4 Tips for Becoming a Better Team Player
Do you work well with others? Do you prioritize team success over your own?
There is a reason these are common interview questions: all employers want employees who are team players. No one can achieve greatness completely on their own, and most companies are looking for employees who know this to be true.
The best candidates are those who can highlight their own successes as well as praise others for theirs. These candidates will go on to become the kind of employees who recognize that success is always better achieved through teamwork.
Are you not much of a team player yourself? Or maybe you’re just worried that you’re starting to get a little self-centered and need a brief refresher course. Whatever the case, here are four tips to help you become a better team player — and, as a result, become the kind of employee organizations will fight for.
1. It’s Not What You Say, but How You Say It
This is a simple, but important one. Consider your word choice when interacting with your colleagues. Choosing to say “we” instead of “I” is a small gesture, but it’s a gesture that can go a long way in recognizing the contributions of others.
At my company, City Wide Franchise, we have all become accustomed to referring to the whole group, rather than to certain individuals. Communicating in this way strengthens our bonds and gives us greater purpose.
2. Keep All Lines of Communication Open
Whether you communicate with your team through email, weekly webinars, team meetings, or one-on-one meetings, it’s important that you use some method to foster ongoing, clear, and consistent communication. Doing so ensures that nothing gets lost in translation and that everyone is held accountable to deadlines.
At City Wide Franchise, we use a tool called Asana, which is designed to help teams collaborate more efficiently. Instead of using email, we create projects, assign tasks to team members, and track progress through an online dashboard.
3. Have an Open Mindset
Nothing ever goes exactly as planned. This is especially true when it comes to working in a group environment. One team member can present a new approach that changes the direction of an entire project.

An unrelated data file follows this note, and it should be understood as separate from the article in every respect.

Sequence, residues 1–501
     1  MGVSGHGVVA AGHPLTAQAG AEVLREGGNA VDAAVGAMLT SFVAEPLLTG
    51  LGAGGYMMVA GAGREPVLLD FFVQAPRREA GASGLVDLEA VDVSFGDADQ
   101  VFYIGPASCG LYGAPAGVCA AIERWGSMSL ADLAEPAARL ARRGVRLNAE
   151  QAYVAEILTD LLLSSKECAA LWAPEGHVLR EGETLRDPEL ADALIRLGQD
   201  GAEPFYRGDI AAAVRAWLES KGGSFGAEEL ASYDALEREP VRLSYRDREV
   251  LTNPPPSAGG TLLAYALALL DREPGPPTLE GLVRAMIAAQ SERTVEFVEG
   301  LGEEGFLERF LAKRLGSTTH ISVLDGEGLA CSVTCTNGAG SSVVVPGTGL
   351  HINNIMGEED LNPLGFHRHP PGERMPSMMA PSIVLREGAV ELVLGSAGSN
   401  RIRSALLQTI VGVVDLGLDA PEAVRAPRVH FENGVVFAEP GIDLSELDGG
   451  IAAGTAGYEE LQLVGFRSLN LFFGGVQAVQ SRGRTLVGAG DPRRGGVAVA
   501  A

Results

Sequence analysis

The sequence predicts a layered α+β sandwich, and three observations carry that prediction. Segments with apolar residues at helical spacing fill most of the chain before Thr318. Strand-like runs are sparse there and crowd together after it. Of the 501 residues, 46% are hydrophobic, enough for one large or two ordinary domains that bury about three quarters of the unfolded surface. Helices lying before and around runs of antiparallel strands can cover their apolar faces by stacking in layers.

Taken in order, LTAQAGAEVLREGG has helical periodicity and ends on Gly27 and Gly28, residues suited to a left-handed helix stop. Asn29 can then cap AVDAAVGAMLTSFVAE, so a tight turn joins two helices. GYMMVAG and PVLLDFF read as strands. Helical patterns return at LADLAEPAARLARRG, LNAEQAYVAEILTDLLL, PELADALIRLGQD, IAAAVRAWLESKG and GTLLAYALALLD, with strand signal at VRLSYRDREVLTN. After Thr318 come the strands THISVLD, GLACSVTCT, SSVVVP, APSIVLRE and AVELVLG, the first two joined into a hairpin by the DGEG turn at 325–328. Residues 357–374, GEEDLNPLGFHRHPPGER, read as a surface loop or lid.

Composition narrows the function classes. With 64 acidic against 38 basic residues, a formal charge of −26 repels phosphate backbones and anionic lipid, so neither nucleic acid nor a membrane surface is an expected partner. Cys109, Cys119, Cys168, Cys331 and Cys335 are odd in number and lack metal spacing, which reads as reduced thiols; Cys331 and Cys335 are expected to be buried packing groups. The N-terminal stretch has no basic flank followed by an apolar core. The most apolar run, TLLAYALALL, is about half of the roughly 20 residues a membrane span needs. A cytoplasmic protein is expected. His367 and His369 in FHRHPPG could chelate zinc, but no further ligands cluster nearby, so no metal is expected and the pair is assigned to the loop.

Rather than challenging or contradicting opposing viewpoints, an effective team player will demonstrate flexibility, embrace change, and show a willingness to try something new and different.
4 Don’t Forget to Celebrate
Great team players celebrate the successes of their teammates.
One way to recognize fellow teammates is to include a “shoutouts” section in the company newsletter, where team members and team leaders can acknowledge their colleagues great work. Another effective recognition tool is to set aside some time during team meetings for team members to stand up and acknowledge their coworkers’ efforts.
It is incredibly important to celebrate team victories. At City Wide Franchise, we hold a monthly scorecard meeting that we use to measure and share group and company-wide successes. We also host off-site celebrations to show our appreciation for groups that exceed expectations.
It’s not hard to be a team player, and learning to become one will help you advance your career to new heights. Really, it’s all about refocusing your mindset: stop thinking about yourself as an individual at work, and start thinking about yourself as an important part of an overall team. Do this, and you’ll make a name for yourself as a real asset to your company.